The movie by Pierre Huyghe starts off with the camera hovering through a devastated village, wondering in slow motion over the ruins and debris. We encounter a building. Inside, a white mask filled up with black eyes stares into space. It looks like we are in a restaurant. We zoom out and the person wearing the masks appears to be a waitress. The mask moves and hairy arms and legs stick out of the suit. It is a monkey. Dressed as a waitress. Outside, a metallic voice blares through a megaphone. The monkey sits and waits, lingering in the empty kitchen. After some time, the waitress starts serving out drinks and brings around cutlery to people that are not there. She looks restless, moving through the empty space. A cat is introduced into the scene, the monkey stares into space, the cat leaves. Nothing really happens. Is she bored? Frightened? Lonely?
Later, I learn the movie is shot in Fukushima after the earthquake in 2014. The monkey acts as a waitress in an empty restaurant in a disaster zone. The situation could be real. Such restaurants do exist in Japan. The monkey continues to act like she was taught to act. The camera just happens to be there as a witness. But we are looking at a very well-staged and well-edited movie. As Pierre Huyghe said in a lecture, this movie leaks into reality. It has the potential to be real, but it’s staged. As the director, Huyghe sets the stage, the monkey is the actor and she just acts out her role. Most of the things that happen are coincidental and pretty much pointless. No narration, no story. It’s just a moment.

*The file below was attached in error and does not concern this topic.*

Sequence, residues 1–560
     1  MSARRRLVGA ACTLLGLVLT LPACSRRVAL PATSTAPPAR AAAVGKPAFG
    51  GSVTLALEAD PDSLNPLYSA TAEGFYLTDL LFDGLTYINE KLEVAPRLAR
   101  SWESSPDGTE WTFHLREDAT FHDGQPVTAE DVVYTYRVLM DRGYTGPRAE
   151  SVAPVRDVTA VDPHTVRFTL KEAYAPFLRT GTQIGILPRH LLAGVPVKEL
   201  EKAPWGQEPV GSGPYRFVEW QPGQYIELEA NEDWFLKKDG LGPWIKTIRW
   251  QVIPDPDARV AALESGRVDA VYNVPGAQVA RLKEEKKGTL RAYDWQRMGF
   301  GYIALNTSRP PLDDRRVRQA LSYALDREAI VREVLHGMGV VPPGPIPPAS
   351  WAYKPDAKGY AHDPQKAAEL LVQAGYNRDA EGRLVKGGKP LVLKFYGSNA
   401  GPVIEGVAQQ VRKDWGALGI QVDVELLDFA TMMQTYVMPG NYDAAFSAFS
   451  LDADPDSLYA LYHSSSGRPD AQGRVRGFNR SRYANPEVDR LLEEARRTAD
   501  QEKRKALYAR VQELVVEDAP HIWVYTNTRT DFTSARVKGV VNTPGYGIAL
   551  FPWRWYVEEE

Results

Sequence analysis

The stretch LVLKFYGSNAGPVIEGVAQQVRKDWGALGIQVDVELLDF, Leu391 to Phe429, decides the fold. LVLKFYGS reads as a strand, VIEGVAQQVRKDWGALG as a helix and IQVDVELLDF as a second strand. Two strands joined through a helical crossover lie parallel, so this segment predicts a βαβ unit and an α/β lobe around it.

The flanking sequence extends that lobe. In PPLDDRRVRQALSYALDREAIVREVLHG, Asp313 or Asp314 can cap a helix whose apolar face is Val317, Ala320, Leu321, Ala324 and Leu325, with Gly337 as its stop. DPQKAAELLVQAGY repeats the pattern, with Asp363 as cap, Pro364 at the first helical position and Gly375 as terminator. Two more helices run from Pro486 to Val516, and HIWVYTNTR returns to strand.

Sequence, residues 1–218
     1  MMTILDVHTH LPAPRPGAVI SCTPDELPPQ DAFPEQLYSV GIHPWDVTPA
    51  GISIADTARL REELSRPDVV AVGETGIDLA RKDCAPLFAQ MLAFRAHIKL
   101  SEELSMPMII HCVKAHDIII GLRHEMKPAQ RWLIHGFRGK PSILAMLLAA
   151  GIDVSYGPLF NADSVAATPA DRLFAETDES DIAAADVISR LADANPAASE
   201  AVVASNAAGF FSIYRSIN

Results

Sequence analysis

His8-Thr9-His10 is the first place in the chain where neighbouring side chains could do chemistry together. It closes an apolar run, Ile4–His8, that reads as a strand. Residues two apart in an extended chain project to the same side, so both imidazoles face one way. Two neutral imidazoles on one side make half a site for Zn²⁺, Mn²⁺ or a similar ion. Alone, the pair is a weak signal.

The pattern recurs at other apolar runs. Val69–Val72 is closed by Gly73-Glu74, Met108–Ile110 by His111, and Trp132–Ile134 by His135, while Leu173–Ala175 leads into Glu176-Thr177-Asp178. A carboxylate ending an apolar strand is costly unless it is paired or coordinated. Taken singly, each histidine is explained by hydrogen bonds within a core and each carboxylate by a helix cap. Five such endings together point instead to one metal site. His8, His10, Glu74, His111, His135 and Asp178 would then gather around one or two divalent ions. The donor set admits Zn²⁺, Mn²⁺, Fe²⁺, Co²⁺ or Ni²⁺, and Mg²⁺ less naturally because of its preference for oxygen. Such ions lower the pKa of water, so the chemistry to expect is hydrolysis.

The monkey is real, the mask is real, the situation is real. But the movie is, in a way, fake. Fake because I am looking at it during a screening at the Berlinale 2014. Fake because the cinematography and editing is so beautifully done. The movie is just as fake as the monkey is a fake, fabricated waitress. She acts like one, but she’s not. And it leaves me with shivers and emptiness and a weird sympathy for her as an animal. The situation that is portrayed works as a magnifying glass for our relationship to animals. When we dress up this monkey, teach her the proceedings required to serve out drinks, she is still a monkey. When everyone leaves she will sit there, slip back into her role, and act before an absent audience.